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Even though an employer may be excessively risk averse, where there is no evidence that the employer has exaggerated the severity of an employee's condition and the risk that the condition poses, there is no violation of the Americans with Disabilities Act.
The truck driver's condition was treatable, but even with treatment, it could cause him to have sudden fainting spells. The employer fired the truck driver pursuant to its no tolerance policy, which prohibited the employment of drivers with that condition, even though they otherwise met federal safety standards under 49 U.S.C.S. § 31136(a)(3) and 49 C.F.R. §§ 383.5, 391.11(a). Plaintiff, the Equal Employment Opportunity Commission (EEOC), filed an enforcement action against defendant employer, alleging that it violated 42 U.S.C.S. § 12102(2)(C) of the Americans with Disabilities Act (ADA) when it fired the truck driver. Plaintiff asserted that the employer mistakenly believed that the truck driver's condition rendered him disabled and that it violated 42 U.S.C.S. § 12102(2)(C) by firing him based on that mistaken belief. The district court granted summary judgment in favor of the employer. Plaintiff appealed.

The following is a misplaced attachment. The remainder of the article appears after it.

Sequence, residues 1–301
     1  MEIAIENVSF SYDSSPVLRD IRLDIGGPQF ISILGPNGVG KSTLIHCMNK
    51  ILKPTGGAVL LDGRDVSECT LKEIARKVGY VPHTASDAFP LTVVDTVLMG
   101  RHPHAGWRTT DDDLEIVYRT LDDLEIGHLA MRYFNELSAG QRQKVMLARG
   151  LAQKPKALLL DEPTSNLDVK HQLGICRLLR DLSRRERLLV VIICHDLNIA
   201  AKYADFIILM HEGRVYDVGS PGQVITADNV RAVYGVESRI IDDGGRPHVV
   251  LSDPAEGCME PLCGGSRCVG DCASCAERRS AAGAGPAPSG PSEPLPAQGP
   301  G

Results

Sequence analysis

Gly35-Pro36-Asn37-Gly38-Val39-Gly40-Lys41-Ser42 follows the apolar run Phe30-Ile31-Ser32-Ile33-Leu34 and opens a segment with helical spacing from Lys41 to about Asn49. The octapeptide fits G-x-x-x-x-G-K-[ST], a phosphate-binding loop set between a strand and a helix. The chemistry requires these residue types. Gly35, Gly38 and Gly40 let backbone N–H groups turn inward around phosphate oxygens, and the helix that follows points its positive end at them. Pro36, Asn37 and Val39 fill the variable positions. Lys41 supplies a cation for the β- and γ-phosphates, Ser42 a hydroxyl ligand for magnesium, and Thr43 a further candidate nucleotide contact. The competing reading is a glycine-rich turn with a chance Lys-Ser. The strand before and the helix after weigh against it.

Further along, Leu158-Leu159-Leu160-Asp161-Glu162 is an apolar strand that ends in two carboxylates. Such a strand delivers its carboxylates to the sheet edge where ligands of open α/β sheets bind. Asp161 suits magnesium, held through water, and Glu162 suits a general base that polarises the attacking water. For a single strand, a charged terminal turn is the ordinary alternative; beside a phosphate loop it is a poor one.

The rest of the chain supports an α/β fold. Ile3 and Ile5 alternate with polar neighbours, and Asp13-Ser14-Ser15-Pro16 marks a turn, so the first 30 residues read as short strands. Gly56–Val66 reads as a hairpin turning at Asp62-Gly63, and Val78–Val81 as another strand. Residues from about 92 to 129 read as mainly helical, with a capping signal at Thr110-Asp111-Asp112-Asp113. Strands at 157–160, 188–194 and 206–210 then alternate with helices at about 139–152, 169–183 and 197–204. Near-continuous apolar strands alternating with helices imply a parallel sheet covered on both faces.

Under the circumstances, did the defendant employer violate the Americans with Disabilities Act?
The court affirmed the district court's judgment. The evidence did not show that the employer had a mistaken understanding of the driver's condition. It could decide how much risk it wanted to take and could impose higher safety standards on its drivers than those required by federal law. The fact that the employer wanted to avoid risks did not mean that it regarded the truck driver as being disabled. The driver was not disabled for ADA purposes because his condition did not prevent him from performing a wide range of jobs.